Orthodox educator to head controversial NYC Arabic school

Danielle Salzberg appointed interim principal of controversial Khalil Gibran Int'l Academy whose founder failed to condemn "Intifada NYC" T-shirts.

Salzberg 88 (photo credit: )
Salzberg 88
(photo credit: )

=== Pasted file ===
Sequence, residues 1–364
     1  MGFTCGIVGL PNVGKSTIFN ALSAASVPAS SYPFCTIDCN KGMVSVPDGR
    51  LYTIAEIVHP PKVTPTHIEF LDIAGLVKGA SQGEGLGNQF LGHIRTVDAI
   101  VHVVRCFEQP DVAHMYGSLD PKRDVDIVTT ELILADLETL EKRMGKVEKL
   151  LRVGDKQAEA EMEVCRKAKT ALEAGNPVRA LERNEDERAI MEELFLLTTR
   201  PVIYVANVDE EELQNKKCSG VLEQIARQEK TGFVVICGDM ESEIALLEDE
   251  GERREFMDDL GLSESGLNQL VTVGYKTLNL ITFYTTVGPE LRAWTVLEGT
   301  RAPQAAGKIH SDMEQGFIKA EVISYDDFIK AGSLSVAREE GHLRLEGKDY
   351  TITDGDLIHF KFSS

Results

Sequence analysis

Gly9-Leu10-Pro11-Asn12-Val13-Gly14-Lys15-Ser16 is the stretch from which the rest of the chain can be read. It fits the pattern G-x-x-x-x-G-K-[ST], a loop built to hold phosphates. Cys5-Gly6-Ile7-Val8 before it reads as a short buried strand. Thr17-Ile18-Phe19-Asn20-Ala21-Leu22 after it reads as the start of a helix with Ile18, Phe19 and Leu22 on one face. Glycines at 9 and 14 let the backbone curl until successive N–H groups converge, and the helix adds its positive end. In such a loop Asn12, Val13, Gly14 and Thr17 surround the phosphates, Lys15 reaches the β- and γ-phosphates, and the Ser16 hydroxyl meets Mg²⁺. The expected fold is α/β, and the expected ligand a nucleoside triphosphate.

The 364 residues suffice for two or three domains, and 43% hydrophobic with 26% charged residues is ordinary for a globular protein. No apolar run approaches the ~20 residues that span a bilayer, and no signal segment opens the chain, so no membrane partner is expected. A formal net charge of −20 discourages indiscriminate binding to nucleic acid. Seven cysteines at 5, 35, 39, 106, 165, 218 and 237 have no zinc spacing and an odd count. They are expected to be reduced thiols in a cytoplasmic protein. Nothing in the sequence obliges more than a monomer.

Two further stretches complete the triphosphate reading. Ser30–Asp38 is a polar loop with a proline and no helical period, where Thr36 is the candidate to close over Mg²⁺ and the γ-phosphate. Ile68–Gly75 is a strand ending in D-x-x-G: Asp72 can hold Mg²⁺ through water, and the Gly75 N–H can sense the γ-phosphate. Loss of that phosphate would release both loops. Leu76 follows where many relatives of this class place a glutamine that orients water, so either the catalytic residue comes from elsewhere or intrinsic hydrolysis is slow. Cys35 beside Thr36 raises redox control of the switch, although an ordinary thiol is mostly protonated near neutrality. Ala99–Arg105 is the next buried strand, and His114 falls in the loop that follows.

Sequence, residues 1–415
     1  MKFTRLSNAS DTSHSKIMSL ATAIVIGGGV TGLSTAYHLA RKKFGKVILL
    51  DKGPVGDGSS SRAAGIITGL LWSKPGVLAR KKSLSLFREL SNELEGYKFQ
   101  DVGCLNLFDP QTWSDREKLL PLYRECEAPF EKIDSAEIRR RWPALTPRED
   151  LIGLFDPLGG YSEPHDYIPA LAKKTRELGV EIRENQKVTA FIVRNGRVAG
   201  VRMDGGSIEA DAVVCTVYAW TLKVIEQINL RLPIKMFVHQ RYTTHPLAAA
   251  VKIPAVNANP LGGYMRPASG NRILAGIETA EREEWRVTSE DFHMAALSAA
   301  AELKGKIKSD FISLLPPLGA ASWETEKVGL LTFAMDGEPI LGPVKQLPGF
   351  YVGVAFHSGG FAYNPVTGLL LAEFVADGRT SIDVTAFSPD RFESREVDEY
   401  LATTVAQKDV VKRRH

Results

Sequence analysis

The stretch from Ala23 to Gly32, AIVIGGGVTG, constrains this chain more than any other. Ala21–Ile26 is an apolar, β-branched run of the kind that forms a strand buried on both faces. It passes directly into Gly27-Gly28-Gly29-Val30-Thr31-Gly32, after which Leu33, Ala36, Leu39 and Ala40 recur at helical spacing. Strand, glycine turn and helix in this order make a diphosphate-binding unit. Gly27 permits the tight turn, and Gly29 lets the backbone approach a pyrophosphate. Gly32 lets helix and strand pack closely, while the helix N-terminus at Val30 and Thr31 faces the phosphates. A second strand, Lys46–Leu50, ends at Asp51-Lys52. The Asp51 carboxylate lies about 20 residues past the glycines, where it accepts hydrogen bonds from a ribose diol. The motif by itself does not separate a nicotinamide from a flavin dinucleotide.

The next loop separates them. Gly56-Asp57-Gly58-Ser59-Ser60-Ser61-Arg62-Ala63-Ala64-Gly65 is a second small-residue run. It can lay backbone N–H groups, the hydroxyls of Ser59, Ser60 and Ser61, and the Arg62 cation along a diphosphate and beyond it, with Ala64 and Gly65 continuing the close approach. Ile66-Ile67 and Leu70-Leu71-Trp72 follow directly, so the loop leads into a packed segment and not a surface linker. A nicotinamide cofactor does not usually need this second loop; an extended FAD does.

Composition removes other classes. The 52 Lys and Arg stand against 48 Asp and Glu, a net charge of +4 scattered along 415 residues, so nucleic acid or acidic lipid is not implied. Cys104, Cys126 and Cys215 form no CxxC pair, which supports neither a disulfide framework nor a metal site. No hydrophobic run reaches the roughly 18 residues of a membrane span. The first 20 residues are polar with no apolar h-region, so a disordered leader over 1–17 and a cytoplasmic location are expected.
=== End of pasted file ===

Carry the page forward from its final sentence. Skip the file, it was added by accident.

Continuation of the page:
An Arabic language public school set to open in Brooklyn on September 4 is on its second principal before even opening its doors. Experienced educator Danielle Salzberg, who grew up Orthodox, was appointed as the school's interim principal late Monday, following last week's abrupt resignation of the school's founder, Debbi Almontaser. Khalil Gibran International Academy, named after a Lebanese-American poet and intended to emphasize Arabic language and culture, has been mired in controversy since it was first announced in February. Critics are concerned the school will become a hotbed for Islamic extremism, despite assurances from the Department of Education that the school will not teach religion. The school will join 70 other dual-language programs, including Spanish, Chinese, Haitian-Creole and Russian, that already exist in the city. The Arabic-language curriculum is being developed by teachers trained at a federally funded Arabic-language instruction program and will use Arabic translations of English-language children's books published by Scholastic. Criticism of the school, which has three rabbis on its advisory board, reached a high last week over Almontaser's failure to condemn T-shirts printed by the group Arab Women Active in Art and Media, that read "Intifada NYC." Almonaster sits on the board of the Saba Association of American Yeminis, which shares office space with the organization that made the T-shirts. The shirts were first revealed on the Web site of Stop the Madrassa Coalition, an unidentified group that has been campaigning to shut down the school. Almontaser told the New York Post last week that the shirts were not endorsements of violence, but "an opportunity for girls to express that they are part of New York City society." She later apologized, saying she regretted "minimizing the word's historical associations." Almontaser resigned shortly thereafter, saying she was doing so out of concern for the future of the school. The "intolerant and hateful tone" used by critics of the school "has come to frighten some of the parents and incoming parents," she wrote in a letter of resignation, as reported in the New York Sun. "I have grown increasingly concerned that these few outsiders will disrupt the community of learning when the Academy opens its doors on September 4. Therefore, I have decided to step aside ...." Late Monday, Schools Chancellor Joel I. Klein announced Danielle Salzberg as interim acting principal of Khalil Gibran. Salzberg worked for the Department of Education for 11 years, first as an English teacher and later as the assistant principal at another of the city's recently established small schools. She is currently working for New Visions, a non-profit organization that in part helps to develop new schools, including Khalil Gibran. "With her leadership and the commitment renewed today by teachers and staff, Khalil Gibran will add a new, important option for our students who are interested in a rigorous academic program with an international and Arabic language theme," said Klein in a statement. Assemblyman Dov Hikind, who has been at the forefront of the campaign to shut down the school, is not assuaged by the choice of principals. Salzberg's Orthodox background has not persuaded Hikind, who represents an Orthodox district of Brooklyn, to step back from his criticism. "Some of our worst enemies are Jews," said Hikind. "The principal being Jewish hardly gives me comfort." Learning Arabic is necessary, but can be done within the context of other public schools, said Hikind, who will continue to try to convince the administration to "chuck the whole thing." So far, 44 sixth-graders are enrolled at Khalil Gibran, which plans to eventually serve grades 6 through 12. Six of the enrolled students are Arabic speakers, and the majority of the students are African Americans.